0
Research Papers: Materials and Fabrication

Estimates of Mechanical Properties and Residual Stress of Narrow Gap Weld for Leak-Before-Break Application to Nuclear Piping

[+] Author and Article Information
Jun-Seok Yang, Chi-Yong Park

Nuclear Power Laboratory, Korea Electric Power Research Institute, 65 Munji-ro, Yusung-gu, Daejeon 305-760, Korea

Nam-Su Huh1

School of Mechanical Design and Automation Engineering, Seoul National University of Technology, 172 Gongreung 2-dong, Nowon-gu, Seoul 139-743, Koreanam-su.huh@snut.ac.kr

1

Corresponding author.

J. Pressure Vessel Technol 133(2), 021403 (Mar 14, 2011) (7 pages) doi:10.1115/1.4002279 History: Received January 07, 2010; Revised July 06, 2010; Published March 14, 2011; Online March 14, 2011

The present paper addresses the mechanical characteristics of the stainless steel narrow gap weld (NGW) for the leak-before-break (LBB) application to the main loop piping of a nuclear power plant. Recently, in Korea, the connection with the reactor coolant main loop piping and the steam generator has been welded with ER308L NGW after the replacement of a steam generator of a Korean nuclear power plant. The NGW technique has many merits, for instance, the reduction of construction time and the reduction of shrinkage and deformation after welding due to its small groove angle and welding bead width compared with the conventional welds. In this paper, the tensile and fracture toughness test results of the three ER308L test coupons from NGW were presented and compared with those from conventional welds at the operating condition of the nuclear power plant. In addition, the distribution of the welding residual stress as well as the deformation behavior of the ER308L weld due to NGW was predicted through the nonlinear two-dimensional finite element analysis in which the detailed actual welding process of NGW was simulated. The results presented in this paper can be used to evaluate LBB application to nuclear piping with NGW and to provide the important information to perform the flaw evaluation as well as improve the weld procedure of NGW.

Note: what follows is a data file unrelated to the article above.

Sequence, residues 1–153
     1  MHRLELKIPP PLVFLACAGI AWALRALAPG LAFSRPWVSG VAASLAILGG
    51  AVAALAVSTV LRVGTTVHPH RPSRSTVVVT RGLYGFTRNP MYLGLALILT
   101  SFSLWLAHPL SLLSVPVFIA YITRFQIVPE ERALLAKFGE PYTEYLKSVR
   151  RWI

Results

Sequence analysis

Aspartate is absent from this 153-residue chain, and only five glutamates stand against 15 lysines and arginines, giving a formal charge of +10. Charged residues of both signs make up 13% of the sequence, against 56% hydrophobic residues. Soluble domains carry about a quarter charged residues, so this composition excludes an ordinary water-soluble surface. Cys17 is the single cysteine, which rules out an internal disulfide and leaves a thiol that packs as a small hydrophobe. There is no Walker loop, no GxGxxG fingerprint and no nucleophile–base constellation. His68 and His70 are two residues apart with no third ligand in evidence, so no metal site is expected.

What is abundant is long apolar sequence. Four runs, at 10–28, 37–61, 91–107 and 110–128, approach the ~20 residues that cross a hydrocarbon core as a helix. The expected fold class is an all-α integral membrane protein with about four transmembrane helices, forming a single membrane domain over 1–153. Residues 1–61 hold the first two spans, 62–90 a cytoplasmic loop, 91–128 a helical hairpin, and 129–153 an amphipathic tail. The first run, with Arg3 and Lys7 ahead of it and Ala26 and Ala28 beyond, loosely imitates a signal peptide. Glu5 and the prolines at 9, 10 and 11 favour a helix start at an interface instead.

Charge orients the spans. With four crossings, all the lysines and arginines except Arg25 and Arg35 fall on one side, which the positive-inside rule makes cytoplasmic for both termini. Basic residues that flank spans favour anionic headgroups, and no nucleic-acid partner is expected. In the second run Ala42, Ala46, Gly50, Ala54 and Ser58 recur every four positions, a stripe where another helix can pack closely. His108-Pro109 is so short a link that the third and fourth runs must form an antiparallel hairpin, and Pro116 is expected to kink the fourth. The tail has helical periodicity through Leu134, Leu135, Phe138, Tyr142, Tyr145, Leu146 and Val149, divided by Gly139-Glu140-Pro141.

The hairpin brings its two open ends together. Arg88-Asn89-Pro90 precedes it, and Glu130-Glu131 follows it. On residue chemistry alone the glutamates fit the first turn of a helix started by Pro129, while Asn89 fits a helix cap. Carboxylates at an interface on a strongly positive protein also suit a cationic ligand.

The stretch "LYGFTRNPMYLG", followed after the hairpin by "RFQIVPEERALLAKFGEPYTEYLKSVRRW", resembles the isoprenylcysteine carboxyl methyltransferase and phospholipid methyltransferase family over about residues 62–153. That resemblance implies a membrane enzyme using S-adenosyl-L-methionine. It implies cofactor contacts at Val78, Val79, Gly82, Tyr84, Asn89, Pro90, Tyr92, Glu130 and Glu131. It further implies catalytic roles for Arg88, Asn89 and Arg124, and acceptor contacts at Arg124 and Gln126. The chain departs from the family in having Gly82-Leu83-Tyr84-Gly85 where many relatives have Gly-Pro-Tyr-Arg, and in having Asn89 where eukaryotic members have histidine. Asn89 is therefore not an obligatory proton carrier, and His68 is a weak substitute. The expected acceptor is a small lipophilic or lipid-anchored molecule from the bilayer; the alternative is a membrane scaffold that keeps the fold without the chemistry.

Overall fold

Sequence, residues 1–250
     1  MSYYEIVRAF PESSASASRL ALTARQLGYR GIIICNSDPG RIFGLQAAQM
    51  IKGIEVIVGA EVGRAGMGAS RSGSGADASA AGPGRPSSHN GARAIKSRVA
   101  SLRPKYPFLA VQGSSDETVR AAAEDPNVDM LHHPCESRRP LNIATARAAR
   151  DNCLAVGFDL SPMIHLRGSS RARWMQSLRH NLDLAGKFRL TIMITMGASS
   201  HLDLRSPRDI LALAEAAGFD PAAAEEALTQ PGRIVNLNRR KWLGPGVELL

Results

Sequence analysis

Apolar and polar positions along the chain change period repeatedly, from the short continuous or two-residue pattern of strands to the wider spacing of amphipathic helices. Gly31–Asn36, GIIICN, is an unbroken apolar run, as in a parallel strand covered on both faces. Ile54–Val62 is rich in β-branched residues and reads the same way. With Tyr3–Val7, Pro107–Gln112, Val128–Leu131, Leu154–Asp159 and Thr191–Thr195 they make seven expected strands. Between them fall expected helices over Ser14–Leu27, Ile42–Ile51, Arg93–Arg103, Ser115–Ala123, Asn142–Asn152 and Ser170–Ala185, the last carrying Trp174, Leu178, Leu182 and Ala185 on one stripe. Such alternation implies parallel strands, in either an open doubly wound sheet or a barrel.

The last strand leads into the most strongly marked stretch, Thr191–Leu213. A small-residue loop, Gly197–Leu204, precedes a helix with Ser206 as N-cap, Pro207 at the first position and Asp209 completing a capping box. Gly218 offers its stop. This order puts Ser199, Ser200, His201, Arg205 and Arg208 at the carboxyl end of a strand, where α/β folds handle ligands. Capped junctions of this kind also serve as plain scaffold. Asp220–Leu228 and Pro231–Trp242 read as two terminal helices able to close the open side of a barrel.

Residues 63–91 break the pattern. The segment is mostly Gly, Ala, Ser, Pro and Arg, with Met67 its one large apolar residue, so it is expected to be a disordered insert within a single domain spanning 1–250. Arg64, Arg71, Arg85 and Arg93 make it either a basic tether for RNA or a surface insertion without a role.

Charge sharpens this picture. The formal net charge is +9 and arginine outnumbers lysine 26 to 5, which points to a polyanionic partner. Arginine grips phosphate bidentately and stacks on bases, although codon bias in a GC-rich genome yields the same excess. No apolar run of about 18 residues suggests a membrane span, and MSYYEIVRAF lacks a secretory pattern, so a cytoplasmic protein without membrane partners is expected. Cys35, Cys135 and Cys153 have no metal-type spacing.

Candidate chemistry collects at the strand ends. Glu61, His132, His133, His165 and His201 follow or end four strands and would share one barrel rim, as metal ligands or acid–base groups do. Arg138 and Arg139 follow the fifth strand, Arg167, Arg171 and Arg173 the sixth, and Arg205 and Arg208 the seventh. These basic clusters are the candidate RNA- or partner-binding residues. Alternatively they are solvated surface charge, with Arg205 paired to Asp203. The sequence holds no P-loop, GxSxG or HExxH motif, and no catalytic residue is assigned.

FIGURES IN THIS ARTICLE
<>
Copyright © 2011 by American Society of Mechanical Engineers
Your Session has timed out. Please sign back in to continue.

References

Figures

Grahic Jump Location
Figure 1

Type 304L test coupons welded by narrow gap weld

Grahic Jump Location
Figure 2

(a) Geometry of narrow gap weld employed in the present study and (b) schematic of welding bead sequence (mm)

Grahic Jump Location
Figure 3

Drawing of tensile test specimen (mm)

Grahic Jump Location
Figure 4

Drawing of fracture toughness test specimen (mm)

Grahic Jump Location
Figure 5

Drawing of cutting location of tensile and fracture toughness test specimen at test coupon (bird’s-eye view)

Grahic Jump Location
Figure 6

Drawing of cutting location of tensile and fracture toughness test specimen at test coupon (side view)

Grahic Jump Location
Figure 7

Photograph of 1T-C(T) specimen with notch along the centerline of weld

Grahic Jump Location
Figure 8

J-resistance curves for narrow gap weld at 316°C

Grahic Jump Location
Figure 9

Comparison of J-resistance curves of the ER308L NGW with those of SA312 TP316 welds and type 316 SAWs

Grahic Jump Location
Figure 10

Finite element mesh employed in the present study

Grahic Jump Location
Figure 11

Material properties with varying temperature. (a) Elastic modulus and (b) yield strength.

Grahic Jump Location
Figure 12

Distribution of welding residual stress due to NGW along the inner surface of pipe. (a) Axial stress and (b) hoop stress.

Grahic Jump Location
Figure 13

Distribution of welding residual stress due to NGW along the outer surface of pipe. (a) Axial stress and (b) hoop stress.

Grahic Jump Location
Figure 14

Distribution of welding residual stress due to NGW along the weld center line of pipe. (a) Axial stress and (b) hoop stress.

Tables

Errata

Discussions

Some tools below are only available to our subscribers or users with an online account.

Related Content

Customize your page view by dragging and repositioning the boxes below.

Related Journal Articles
Related eBook Content
Topic Collections

Sorry! You do not have access to this content. For assistance or to subscribe, please contact us:

  • TELEPHONE: 1-800-843-2763 (Toll-free in the USA)
  • EMAIL: asmedigitalcollection@asme.org
Sign In